family was heading to their bach at Moana.
Christmas dinner was not as traditional as it
used to be at the Kokshoorn home, he said.
"We mix it up a bit. We've tried to keep it more
casual as the years go by."
Westland Mayor Mike Havill plans to stay at
home on the farm at Ahaura with family. And his
National Party MP Chris Auchinvole and
Buller Mayor Garry Howard could not be
reached for comment.
A cat found with two legs
caught in a gin trap set in
suburban Cobden will make
a full recovery, but it is the
second cat in six months
trapped in the Cobden area.
e male cat was found
meowing underneath a house
in Firth Street at 3am on
e resident who found it
said a back and front paw were
still caught in a trap. e cat
had been in a lot of distress
and it took two people to hold
it down and remove the trap.
West Coast Vets veterinarian
Fokko Aldersho said the legs
were not broken and the cat
should return to normal.
Six months ago, another cat
in Cobden had its front leg
amputated after it was caught
in a trap.
chairwoman Margaret Sadler
said today the cat appeared to
be about three years old.
It was friendly and in good
condition so was probably a
She said cats were very
territorial and if they were
caught in a gin trap it would
probably be only a short
distance from their homes.
"Gin traps are likely to be a
danger to children as well as
"Gin traps can cause great
pain and su ering to animals
caught in them," Ms Sadler
She said the animals were
also likely to experience
"considerable distress" and
disorientation as a result of
prolonged entrapment, and
could su er from exposure to
PICTURE: Christine Linnell
Anne-Marie Douglas, Susan Smith and Louise Boere were busy today scraping and
peeling 10kg of carrots and 20kg of potatoes for the community Christmas dinner, to be hosted
by the Greymouth Baptist Church tomorrow from midday. Workers will arrive at 5am to begin
cooking the main courses, which will include chicken, ham and lamb, plus fruit salad, tri e and
other sweets for dessert. About 150 people are expected, though it is not too late for people to
call for a place at the meal. Hokitika will also host a community Christmas dinner at the Wests
Clubrooms, in Brittan Street. Meanwhile, as people tuck in to a festive feast either at home or
at a community dinner, unbelievably Z ser vice stations are gearing up for their busiest day of
the year for selling pies. Z Energy said pie sales were up 50% last year, with close to 13,000 pies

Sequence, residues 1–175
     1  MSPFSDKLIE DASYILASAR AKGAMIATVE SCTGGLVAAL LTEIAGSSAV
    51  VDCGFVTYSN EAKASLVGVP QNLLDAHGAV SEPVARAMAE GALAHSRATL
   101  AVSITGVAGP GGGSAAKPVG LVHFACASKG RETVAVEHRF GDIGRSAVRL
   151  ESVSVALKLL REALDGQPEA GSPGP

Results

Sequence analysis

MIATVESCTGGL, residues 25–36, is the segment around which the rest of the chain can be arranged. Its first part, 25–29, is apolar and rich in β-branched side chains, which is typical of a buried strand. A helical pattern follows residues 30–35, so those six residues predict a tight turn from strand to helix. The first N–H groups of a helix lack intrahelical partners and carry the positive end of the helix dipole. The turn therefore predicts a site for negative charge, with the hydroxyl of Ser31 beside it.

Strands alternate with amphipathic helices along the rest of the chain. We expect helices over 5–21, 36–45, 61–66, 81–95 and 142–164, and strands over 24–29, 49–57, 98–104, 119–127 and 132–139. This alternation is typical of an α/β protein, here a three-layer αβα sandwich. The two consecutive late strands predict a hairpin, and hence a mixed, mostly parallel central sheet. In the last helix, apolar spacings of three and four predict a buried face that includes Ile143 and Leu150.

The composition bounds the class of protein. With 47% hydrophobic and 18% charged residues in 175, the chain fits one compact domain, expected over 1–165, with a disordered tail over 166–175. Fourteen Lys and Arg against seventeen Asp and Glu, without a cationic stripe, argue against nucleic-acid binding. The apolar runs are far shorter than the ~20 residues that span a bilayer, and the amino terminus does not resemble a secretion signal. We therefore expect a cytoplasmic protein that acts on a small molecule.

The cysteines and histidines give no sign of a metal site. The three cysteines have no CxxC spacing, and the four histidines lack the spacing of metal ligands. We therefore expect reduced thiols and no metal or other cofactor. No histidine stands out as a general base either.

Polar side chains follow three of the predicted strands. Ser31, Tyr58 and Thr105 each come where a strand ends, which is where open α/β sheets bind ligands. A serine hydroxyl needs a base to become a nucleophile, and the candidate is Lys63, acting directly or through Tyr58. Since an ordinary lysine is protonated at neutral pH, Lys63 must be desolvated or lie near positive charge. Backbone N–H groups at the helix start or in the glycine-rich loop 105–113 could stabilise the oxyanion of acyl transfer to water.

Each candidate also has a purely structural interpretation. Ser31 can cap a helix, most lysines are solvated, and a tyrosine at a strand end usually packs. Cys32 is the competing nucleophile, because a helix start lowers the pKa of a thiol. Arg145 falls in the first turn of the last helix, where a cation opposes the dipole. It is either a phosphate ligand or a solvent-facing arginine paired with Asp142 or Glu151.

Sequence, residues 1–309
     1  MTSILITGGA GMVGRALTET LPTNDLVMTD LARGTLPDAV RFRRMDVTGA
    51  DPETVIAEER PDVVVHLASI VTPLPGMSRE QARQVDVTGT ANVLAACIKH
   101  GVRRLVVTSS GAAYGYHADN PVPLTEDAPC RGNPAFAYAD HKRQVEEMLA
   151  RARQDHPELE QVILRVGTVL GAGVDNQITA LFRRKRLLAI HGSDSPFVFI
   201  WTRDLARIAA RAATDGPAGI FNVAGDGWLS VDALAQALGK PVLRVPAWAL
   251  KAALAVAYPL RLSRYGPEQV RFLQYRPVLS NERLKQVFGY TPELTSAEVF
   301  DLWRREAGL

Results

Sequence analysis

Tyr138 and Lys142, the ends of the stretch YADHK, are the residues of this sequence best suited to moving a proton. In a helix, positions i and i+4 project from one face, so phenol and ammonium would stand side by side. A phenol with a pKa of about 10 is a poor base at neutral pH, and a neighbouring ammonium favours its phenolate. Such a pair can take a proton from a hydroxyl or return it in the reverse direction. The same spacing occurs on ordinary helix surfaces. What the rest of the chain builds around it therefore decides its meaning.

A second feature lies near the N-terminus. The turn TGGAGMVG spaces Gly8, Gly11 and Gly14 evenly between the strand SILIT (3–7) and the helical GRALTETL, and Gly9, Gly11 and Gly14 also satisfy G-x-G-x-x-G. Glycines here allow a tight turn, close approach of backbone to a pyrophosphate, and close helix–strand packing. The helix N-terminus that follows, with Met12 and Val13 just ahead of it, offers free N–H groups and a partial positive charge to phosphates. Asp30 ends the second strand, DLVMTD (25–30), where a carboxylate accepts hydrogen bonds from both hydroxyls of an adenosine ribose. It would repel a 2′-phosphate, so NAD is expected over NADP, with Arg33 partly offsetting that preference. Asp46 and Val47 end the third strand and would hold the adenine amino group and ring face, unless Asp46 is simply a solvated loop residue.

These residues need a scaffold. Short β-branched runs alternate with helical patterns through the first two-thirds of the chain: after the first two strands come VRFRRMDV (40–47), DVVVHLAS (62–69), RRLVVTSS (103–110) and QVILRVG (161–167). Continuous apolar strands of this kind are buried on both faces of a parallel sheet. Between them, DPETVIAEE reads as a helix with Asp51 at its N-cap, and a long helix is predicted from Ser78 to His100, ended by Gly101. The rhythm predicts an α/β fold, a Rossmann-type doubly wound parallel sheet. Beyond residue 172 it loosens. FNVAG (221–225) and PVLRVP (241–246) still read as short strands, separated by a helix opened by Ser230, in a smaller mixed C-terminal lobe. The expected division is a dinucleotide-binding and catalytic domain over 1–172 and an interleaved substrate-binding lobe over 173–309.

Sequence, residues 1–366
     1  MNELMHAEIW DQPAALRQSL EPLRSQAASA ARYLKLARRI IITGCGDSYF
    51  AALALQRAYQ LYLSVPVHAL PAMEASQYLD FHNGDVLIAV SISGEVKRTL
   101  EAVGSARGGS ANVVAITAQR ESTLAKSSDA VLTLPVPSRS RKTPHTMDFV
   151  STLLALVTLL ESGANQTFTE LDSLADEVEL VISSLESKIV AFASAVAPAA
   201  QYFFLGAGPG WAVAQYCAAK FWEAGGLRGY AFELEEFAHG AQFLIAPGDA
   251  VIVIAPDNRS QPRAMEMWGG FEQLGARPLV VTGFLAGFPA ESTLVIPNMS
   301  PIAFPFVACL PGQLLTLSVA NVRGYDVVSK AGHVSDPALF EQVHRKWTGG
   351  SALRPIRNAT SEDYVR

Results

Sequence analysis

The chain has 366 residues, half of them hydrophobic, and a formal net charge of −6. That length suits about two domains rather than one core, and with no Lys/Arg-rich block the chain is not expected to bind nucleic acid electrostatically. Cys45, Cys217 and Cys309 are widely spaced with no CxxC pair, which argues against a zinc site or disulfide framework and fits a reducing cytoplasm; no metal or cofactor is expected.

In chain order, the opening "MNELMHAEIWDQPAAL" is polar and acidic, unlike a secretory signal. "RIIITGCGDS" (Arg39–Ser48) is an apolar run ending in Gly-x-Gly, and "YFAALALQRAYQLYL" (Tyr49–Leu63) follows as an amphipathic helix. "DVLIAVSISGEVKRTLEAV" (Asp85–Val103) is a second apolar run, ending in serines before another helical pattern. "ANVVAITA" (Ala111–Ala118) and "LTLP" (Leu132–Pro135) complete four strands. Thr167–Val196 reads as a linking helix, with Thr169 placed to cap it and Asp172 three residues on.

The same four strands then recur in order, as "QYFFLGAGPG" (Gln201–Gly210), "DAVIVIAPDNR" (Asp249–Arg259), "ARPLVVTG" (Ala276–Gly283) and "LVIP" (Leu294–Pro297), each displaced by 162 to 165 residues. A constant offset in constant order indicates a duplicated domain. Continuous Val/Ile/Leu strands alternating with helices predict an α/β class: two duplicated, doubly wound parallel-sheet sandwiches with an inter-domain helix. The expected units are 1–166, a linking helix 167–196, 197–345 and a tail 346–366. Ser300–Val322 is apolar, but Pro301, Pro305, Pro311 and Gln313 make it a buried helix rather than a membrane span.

sold nationwide on Christmas Day 2012.
e time-honoured ritual of
collecting stacks of Christmas cards
seems to be fading out --- at least on
paper --- as more people express their
good wishes in digital format.
"It is interesting," said Post Shop
Greymouth manager Debbie Norton.
"Parcels are huge this year, de nitely.
ere seems to be a sense that people
are more excited about Christmas this
year. But cards, not so much."
For example, in previous years the
Greymouth Star received enough
paper cards from readers, businesses,
organisations and local politicians to
ll a wall.
is year we received six cards, two of
them from Trustpower. e rest of our
holiday cheer arrived via e-mail.
Development West Coast noted in
their e-card: " is year Development
West Coast is pleased to donate
the money saved from not printing
and posting Christmas cards to the
Ms Norton said the decline of
traditional cards was a bit sad,
particularly for older people.
"Facebook is obviously really cool
(but) I think people still love to feel
and touch and get things in the mail."
Paper Plus owner Doug Truman
noticed sales of cards in bulk had
declined in the past few years. " ey've
certainly been in decline ever since
postage went up, and the advent of
e-mails," Mr Truman said.
Much of the reason was the climbing
expense of sending cards through the
mail. "If you look at a card plus postage
these days, it's starting to get up there."
However, sales of individual cards
were still going strong.
"We had to break up some packs to
make more single ones. e volume has
certainly dropped, but the sentiment's
Take Note owner Lana South had
a similar experience with her shop:
"Individual cards, the special ones,
they're still selling quite well. It's more
for close family and friends."
Christmas cards a dying tradition on Coast
PICTURE: Nicholas McBride
e cat recovers at West Coast Vets today after its legs were caught in a gin trap in Cobden at the weekend.
Cat caught in gin trap
88 MACKAY STREET, GREYMOUTH
PHONE (03) 768 6949